Once Upon a Time … in Hollywood has just screened at Cannes and during the press conference a journalist asks about the few lines that Margot Robbie as Sharon Tate has in the film. Tarantino cuts it short with a ‘I reject your hypothesis’. Skip forward six months and Martin Scorsese’s The Irishman arrives to rave reviews, but there’s some perplexity about Anna Paquin’s role as the main character’s daughter who says six words in a film that is three and a half hours long. Is this a sign of the continuing sexism of Hollywood? The marginalisation of female voices that goes hand in hand with the objectification of women?
There are two points to be made. The first is in the context of their careers. Both filmmakers have been intensely interested in the dissection of masculinity – let’s not bother with the obligatory toxic prefix which has been rendered almost meaningless via its ubiquity – throughout their respective filmographies. From the gangsters of Scorsese to the criminals of Tarantino, men, their violence and posturing has been both glamourized and deconstructed. This has meant in some cases that the women of those films have been sidelined.
In Reservoir Dogs, the only woman who gets any screen time shoots Tim Roth and then is herself immediately shot. But in Goodfellas, Lorraine Bracco is formidable as Henry Hill’s girlfriend and then wife. Likewise in Casino, Sharon Stone reinvents the femme fatale in the lurid glow of Las Vegas. Following his first film, Tarantino has made women the center of a number of films from Jackie Brown to the Kill Bill movies, his much maligned Deathproof is a great female revenge flick. Likewise, Scorsese focused on his female protagonists from his first movie Boxcar Bertha to Alice Doesn’t Live Here Anymore, New York, New York and The Age of Innocence.
So what about these particular films? Let’s take them one at a time. Once Upon a Time … in Hollywood focuses on two friends – Rick Dalton (Leonardo diCaprio) and Cliff Booth (Brad Pitt) – and for the first couple of hours of its leisurely running time we are preoccupied with Rick’s slowly gaining realisation that he is sliding down the wrong side of the Hollywood Hills. Literally above him is Sharon Tate with her funky new husband, her carefree lifestyle and a burgeoning career. But as promising as her career might be she’s nowhere near as famous as Rick currently is.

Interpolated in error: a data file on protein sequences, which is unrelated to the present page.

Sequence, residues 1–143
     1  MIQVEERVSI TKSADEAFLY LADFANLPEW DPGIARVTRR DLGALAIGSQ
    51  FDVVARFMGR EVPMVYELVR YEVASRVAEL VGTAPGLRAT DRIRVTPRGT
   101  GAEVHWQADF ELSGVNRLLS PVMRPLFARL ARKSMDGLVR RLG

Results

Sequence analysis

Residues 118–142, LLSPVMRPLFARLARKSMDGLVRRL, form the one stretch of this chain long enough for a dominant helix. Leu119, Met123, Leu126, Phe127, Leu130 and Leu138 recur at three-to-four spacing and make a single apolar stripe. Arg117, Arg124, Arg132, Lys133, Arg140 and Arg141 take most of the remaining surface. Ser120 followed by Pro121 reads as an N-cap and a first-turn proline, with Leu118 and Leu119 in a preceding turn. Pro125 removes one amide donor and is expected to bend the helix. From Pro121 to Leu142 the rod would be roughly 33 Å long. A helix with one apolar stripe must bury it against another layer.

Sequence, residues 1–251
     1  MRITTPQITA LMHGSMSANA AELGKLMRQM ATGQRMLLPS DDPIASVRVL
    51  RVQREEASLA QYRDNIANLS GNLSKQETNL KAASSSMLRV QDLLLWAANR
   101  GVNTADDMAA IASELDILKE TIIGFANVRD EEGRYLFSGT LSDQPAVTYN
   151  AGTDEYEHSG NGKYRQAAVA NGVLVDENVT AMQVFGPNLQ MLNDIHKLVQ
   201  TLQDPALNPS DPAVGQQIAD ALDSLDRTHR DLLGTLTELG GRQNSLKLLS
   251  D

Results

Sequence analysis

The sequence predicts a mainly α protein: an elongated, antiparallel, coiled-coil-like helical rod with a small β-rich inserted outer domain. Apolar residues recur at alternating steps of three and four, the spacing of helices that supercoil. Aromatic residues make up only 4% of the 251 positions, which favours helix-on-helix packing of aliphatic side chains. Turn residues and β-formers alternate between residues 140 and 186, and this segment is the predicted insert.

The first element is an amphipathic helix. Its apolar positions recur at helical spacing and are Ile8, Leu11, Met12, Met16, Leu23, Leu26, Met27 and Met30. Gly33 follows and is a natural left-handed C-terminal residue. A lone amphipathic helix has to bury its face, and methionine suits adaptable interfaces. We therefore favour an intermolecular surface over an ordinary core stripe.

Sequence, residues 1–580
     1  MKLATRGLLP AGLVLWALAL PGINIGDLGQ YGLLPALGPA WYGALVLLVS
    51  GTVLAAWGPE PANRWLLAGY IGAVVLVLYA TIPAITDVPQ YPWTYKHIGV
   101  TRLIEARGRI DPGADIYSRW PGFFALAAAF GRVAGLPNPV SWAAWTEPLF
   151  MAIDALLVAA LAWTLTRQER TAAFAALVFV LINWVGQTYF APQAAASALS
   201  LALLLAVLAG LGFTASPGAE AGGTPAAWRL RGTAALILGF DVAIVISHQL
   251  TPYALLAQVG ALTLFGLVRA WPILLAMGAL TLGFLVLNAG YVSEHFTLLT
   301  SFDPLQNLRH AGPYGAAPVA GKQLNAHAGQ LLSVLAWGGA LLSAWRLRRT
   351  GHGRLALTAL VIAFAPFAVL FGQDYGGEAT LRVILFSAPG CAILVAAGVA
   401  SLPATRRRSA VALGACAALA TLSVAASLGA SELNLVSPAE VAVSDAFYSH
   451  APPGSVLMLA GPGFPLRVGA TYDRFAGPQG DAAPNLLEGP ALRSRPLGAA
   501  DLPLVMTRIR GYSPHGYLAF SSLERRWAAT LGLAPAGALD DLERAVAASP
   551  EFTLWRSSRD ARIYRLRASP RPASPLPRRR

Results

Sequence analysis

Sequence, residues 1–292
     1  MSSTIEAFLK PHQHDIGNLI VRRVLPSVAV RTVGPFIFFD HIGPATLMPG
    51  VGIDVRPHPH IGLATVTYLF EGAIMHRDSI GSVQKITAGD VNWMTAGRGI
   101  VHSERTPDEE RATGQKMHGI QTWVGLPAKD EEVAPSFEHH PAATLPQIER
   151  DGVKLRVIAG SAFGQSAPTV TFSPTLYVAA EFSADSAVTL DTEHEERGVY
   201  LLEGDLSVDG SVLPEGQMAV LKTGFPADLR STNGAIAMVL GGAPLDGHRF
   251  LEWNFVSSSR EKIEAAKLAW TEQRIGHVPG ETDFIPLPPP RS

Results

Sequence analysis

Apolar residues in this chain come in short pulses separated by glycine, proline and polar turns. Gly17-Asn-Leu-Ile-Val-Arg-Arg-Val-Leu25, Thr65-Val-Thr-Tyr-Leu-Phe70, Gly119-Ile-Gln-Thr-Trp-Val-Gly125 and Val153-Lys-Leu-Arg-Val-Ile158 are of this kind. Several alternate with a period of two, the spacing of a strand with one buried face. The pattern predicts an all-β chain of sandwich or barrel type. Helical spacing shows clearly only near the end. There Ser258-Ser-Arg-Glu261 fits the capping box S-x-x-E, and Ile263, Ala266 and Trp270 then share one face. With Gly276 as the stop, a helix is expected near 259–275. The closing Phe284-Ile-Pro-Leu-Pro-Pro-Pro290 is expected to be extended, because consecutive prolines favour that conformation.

She isn’t even recognised by the cinema manager of the theater where her new film is showing. Her presence is emblematic of promise, and our awareness of history brings a tragic weight to that story. She enjoys life non-verbally, dancing, watching movies etc. Rick on the other hand talks up a storm because he’s trying to work things out. So could we have more of her story? Of course, but that would be true of any character in any film and personally I think the less we have the more we feel for her.
As with Tarantino’s movie, The Irishman is about a love affair between men. But instead of Rick and Cliff, here we have a love triangle between Frank (Robert de Niro) and Jimmy (Al Pacino) and Russell (Joe Pesci). Weirdly, and it is weird, part of this relationship of shifting loyalties and betrayal will play out via the passive and silent presence of Peggy, Frank’s daughter. Peggy (Lucy Gallina and Anna Paquin) is a witness to Frank’s violence and as such is alienated from her father, who even when he expresses his love does it by breaking a man’s hand who shoved Peggy, an act he forces her to witness.
She also senses a deep wrongness in Russell, who himself childless, attempts to woo her with expensive presents and treats, but who shes resists. There’s a deep awkwardness in her father trying to encourage her to be affectionate towards Russell. In contrast, she is drawn to Jimmy, who despite his corruption, is a more avuncular and human character, with his love of ice cream. The words she says and the words she doesn’t say are full of meaning and indeed encapsulate the moral crux of the whole film.
There is a valid argument about the invisibility and the silencing of women on our screens and despite moves in the right direction, the battle is far from won. But the application of critical Bechdel tests only leads us so far. Counting minutes of screen time and number of words a character speaks is the kind of statistical analysis that fails to truly comprehend the widescreen ambitions of art. Filmmakers have a certain responsibility to represent their communities, but that responsibility is superseded by the need to tell a story, and the story itself will have a logic of its own, a momentum and power. Story is not even-handed, democratic or even fair, but if it holds to its truth, then hopefully it will have something valuable to teach us.
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